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The arrival of warm weather sees Montreal move into full-on festival mode. Hundreds of thousands of locals and tourists take to the streets in celebration of everything from beer brewing to fireworks, gardening, Formula One, chamber music, comedy, fashion, aboriginal culture and, of course, jazz. Montreal's 11-day Festival International de Jazz , which just wrapped up, is recognized by the Guinness Book of World Records as the largest on the planet.
As demonstrated by the exuberant law grad on the cover, McGill does its own share of celebrating at this time of year, as close to 6,000 new alumni are welcomed into the fold. It's a time both tearful and joyous, with the wrench of parting from friends and familiar haunts tempered by the excitement of the opportunities that lie ahead and the button-busting pride of family members.
All of us at McGill feel pride in these young people, who may one day hatch innovative ideas like that of Architecture professor Vikram Bhatt, MArch'75. He spoke last month to a packed house at a world forum on sustainable cities as he shared his concept of "the edible landscape," where agricultural space is incorporated into plans for cities. While rural areas traditionally produce food and bring it to urban centres, Bhatt's idea is to transform cities into areas of production as well as consumption. Eventually, urban agriculture would be a permanent feature of housing design. Models are being tested in three cities – Kampala (Uganda), Rosario (Argentina) and Colombo (Sri Lanka), where a large percentage of the populations live in poverty. Results so far seem to be very promising.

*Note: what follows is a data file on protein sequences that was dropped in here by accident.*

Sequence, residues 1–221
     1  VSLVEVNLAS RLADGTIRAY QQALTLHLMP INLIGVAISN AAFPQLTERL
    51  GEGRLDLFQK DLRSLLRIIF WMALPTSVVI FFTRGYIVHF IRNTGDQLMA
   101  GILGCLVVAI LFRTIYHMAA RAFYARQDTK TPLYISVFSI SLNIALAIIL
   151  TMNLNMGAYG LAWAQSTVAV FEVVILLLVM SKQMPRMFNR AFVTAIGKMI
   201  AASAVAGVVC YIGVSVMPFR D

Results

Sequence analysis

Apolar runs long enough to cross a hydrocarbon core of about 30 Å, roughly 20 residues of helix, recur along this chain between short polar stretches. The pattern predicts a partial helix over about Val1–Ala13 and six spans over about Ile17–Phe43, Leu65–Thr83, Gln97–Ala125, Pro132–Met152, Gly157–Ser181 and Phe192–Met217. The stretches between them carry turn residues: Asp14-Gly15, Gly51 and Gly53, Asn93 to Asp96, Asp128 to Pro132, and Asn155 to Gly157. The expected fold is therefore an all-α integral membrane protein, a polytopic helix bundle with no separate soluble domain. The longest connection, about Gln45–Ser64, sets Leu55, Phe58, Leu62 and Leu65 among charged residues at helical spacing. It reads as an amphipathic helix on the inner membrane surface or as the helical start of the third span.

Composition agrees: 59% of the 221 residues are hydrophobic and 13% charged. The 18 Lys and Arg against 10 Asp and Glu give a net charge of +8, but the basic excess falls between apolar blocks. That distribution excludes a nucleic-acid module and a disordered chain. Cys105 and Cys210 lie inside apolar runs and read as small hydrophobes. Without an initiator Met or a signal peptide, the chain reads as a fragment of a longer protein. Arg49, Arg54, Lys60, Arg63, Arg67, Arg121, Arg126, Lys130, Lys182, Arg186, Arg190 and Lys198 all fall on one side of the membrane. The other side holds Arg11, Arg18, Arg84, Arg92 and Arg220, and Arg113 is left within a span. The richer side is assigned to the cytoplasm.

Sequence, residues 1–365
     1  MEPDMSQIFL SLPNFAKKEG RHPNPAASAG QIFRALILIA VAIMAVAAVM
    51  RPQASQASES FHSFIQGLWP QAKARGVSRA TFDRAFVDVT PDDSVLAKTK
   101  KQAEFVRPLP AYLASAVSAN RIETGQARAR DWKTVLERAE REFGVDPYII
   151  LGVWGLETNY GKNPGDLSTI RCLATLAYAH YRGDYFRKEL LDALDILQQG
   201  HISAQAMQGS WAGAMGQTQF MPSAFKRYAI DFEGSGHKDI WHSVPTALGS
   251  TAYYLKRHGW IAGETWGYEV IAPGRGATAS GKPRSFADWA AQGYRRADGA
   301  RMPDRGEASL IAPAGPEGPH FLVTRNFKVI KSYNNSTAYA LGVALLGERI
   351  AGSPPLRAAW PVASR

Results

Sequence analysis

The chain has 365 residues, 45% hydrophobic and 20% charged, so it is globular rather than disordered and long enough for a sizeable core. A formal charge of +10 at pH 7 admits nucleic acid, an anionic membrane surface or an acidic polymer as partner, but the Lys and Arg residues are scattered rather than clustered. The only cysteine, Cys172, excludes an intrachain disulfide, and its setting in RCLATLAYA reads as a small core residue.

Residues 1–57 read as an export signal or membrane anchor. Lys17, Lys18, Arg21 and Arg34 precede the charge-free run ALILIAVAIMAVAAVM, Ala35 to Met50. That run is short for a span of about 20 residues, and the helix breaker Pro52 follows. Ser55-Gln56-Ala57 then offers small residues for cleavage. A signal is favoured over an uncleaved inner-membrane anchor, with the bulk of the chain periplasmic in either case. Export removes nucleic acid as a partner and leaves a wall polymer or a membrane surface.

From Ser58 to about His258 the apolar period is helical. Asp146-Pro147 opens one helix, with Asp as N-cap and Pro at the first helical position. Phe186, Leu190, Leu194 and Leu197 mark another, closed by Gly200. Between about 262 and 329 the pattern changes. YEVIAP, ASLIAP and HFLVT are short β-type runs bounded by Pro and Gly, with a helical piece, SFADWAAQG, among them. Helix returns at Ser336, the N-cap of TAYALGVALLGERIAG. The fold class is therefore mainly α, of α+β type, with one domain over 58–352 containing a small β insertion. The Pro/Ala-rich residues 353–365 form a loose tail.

Among the recipients of honorary degrees this year is actor Christopher Plummer, who says he abandoned the McGill entrance exam years ago because "it was looking very inviting outside and spring was in the air." By then the young man's fancy had already turned to acting, thanks to a part as Mr. Darcy in a Montreal High School production of Pride and Prejudice.
Although Plummer never attended McGill, he does have a number of historical connections to the University. A maternal great-grandfather, John Bethune, was McGill Principal from 1835 to 1846. Another great-grandfather, John Joseph Caldwell Abbott, earned a McGill law degree in 1854, and was Dean of Law for 25 years. He later served in the cabinet of John A. Macdonald and succeeded him as Canada's Prime Minister. His great-aunt, Maude Abbott, BA'1890, was one of Canada's first women graduates in medicine, although she was not allowed to study at McGill. She became an international authority on congenital heart disease and herself received an honorary degree from McGill in 1910. She was made an assistant professor in 1925. Finally, Plummer's mother Isabella, was secretary to the dean of science in the 1930s.
The actor told the Montreal Gazette he wasn't sure he deserved his honorary degree. "But I'm happy, because it means more to me than anything to have received it in my own hometown." To read about all of this year's distinguished honorees, see www.mcgill.ca/newswire/?ItemID=20073.
Also in this issue is a story about graduate students and their importance to McGill and the research carried out in so many disciplines. One example is the work of doctoral student Linda Lévesque, working in collaboration with Dr. James Brophy and fellow doctoral candidate Bin Zhang. Lévesque is principal author on a paper they recently produced showing that one-quarter of patients who suffered a heart attack while on Vioxx did so within the first two weeks of taking the drug – much earlier than previously believed. Vioxx was voluntarily withdrawn from the market in 2004, in part based on the team's earlier findings of increased cardiovascular risk.
Wishing you all a festive summer.